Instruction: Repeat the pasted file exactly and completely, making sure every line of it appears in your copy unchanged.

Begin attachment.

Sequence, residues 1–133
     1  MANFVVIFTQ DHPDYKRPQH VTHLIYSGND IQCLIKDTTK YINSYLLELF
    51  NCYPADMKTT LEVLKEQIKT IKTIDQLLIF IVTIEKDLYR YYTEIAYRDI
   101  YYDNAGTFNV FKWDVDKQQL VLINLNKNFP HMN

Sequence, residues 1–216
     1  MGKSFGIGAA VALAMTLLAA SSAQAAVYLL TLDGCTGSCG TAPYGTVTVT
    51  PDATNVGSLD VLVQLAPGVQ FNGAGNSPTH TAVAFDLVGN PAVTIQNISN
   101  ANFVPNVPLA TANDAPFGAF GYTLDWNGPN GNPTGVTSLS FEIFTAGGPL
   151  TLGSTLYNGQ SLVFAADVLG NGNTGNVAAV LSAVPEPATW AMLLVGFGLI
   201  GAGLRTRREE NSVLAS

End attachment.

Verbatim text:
Sequence, residues 1–133
     1  MANFVVIFTQ DHPDYKRPQH VTHLIYSGND IQCLIKDTTK YINSYLLELF
    51  NCYPADMKTT LEVLKEQIKT IKTIDQLLIF IVTIEKDLYR YYTEIAYRDI
   101  YYDNAGTFNV FKWDVDKQQL VLINLNKNFP HMN

Sequence, residues 1–216
     1  MGKSFGIGAA VALAMTLLAA SSAQAAVYLL TLDGCTGSCG TAPYGTVTVT
    51  PDATNVGSLD VLVQLAPGVQ FNGAGNSPTH TAVAFDLVGN PAVTIQNISN
   101  ANFVPNVPLA TANDAPFGAF GYTLDWNGPN GNPTGVTSLS FEIFTAGGPL
   151  TLGSTLYNGQ SLVFAADVLG NGNTGNVAAV LSAVPEPATW AMLLVGFGLI
   201  GAGLRTRREE NSVLAS